All About Air-Conditioned Seats

Air conditioning puts thousands of tons of extra carbon in the air each year. And, all of this is just to make our vehicles more comfortable in hot weather. How about air-conditioned seating instead of your usual air conditioning? As it turns out many car makers now offer air-conditioned seats in their cars. By confining the cooled air directly to where the passenger (or driver) is sitting, air-conditioned seats use energy better than air conditioners that cool the whole car’s interior.

How does air-conditioned seating work? Does the seating still use a central car air conditioning system? How does the air get out of the seat so that it can cool the individual sitting in it? We will answer those great questions and others below.

The basic model for air-conditioned seating, created by staff at the Department of Energy’s National Renewable Energy Laboratory (NREL), works like this: The seat’s fabric is a porous mesh. Many fans inside the seat create air circulation that blows through a diffusion layer to spread the cooling effect throughout the seat and outward through its mesh, cooling the surface. Your car seat blocks your body’s built-in cooling system. A seat pressing against your back and bottom prevents the water vapor from making its way out, causing it to create sweat. But the porous covering of an air-conditioned seat lets a body’s natural cooling system work.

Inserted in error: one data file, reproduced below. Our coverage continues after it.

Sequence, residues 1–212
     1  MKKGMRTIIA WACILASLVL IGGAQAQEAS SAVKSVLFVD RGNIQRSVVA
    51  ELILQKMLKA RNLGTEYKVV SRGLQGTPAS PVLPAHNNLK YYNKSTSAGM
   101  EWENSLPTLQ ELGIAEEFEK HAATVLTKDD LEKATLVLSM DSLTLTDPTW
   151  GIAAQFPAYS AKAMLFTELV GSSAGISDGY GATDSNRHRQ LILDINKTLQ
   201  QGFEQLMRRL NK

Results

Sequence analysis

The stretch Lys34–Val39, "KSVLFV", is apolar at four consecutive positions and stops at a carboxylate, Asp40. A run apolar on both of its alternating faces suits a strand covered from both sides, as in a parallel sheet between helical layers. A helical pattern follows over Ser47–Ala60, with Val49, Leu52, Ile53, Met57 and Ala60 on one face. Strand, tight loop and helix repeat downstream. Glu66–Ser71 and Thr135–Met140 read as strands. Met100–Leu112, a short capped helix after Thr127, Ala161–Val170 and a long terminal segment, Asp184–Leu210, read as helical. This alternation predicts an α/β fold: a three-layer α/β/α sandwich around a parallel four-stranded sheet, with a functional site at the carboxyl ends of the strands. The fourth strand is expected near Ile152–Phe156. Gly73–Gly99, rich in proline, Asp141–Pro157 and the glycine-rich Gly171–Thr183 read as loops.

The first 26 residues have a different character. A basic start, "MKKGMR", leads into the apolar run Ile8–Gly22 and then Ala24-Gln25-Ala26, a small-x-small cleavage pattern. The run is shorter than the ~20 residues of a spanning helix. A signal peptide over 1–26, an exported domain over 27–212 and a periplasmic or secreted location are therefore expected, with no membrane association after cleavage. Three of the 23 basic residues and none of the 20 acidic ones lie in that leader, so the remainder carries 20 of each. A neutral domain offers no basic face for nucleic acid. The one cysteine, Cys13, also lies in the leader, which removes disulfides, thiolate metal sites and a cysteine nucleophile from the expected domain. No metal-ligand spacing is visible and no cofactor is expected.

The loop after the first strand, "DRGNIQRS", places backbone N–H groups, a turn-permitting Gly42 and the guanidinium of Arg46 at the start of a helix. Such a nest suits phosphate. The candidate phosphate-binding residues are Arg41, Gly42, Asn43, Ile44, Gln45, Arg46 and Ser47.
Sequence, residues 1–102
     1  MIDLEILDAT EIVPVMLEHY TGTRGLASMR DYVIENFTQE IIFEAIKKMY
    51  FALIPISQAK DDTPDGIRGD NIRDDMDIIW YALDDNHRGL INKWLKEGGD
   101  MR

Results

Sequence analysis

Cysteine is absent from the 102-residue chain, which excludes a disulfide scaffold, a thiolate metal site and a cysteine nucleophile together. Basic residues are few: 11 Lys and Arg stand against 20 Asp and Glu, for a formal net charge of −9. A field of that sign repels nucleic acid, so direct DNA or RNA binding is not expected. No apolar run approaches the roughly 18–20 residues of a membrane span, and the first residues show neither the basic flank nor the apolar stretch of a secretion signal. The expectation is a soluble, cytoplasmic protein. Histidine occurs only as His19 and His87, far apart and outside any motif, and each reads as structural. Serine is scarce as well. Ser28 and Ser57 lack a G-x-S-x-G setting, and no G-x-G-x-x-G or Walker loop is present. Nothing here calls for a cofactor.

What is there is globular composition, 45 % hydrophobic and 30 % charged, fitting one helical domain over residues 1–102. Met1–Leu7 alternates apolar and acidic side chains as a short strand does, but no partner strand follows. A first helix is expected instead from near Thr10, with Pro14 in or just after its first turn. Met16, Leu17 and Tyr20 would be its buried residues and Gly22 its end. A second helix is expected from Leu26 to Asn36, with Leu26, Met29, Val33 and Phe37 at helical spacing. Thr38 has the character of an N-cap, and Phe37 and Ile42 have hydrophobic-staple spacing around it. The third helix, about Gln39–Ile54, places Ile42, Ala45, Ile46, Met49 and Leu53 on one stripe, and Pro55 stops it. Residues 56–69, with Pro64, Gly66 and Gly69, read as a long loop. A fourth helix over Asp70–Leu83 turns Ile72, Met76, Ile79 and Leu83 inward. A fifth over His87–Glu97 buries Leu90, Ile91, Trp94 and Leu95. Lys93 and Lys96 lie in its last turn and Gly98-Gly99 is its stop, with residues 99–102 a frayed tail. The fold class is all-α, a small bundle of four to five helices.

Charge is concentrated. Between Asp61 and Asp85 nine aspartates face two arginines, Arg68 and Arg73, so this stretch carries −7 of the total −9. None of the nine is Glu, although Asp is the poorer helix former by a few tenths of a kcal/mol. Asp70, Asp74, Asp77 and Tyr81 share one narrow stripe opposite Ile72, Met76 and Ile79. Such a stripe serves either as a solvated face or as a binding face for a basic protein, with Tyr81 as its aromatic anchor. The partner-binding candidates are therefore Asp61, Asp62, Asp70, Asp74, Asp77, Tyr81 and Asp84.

But some air-conditioned car seats also have a cooling element. Like many air conditioners, they work on a compression, condensation and expansion cycle. Air conditioning works on an easy principle: When a gas (in this case referred to as a refrigerant) is compressed, it gets warmer and upon expansion it cools. Until recently, the gas used much the time as a refrigerant in air conditioning systems was a chlorofluorocarbon (CFC), or Freon, the commercial name for manufactured by DuPont. However, Freon has been mainly replaced in car air conditioners by the hydrofluorocarbon HFC-134a.

In an air conditioner, gas is run through a compressor. Then it goes through a condenser where it cools into a liquid, shedding its heat in that process. (The dissipated heat is released outside the vehicle’s cabin.) Finally, the cooled liquid heads through an expansion valve, where it converts back into a gas. The process occurs in a closed loop consisting of coiled tubes, so that it may be done over and over. According to West Valley of Canoga Park, CA, air is forced past the part of the loop with the cold gas and is chilled. Interesting, right?

Air-conditioned seats using refrigerated air either have a small cooling element based on this principle, or use air pumped from the vehicle air conditioning system’s main cooling element. Because the space being cooled is limited to one seat, little energy is needed compared with normal car air conditioning. Down in Southern California air conditioning is a need, and it costs money, but hopefully air conditioned seats will be a reality!

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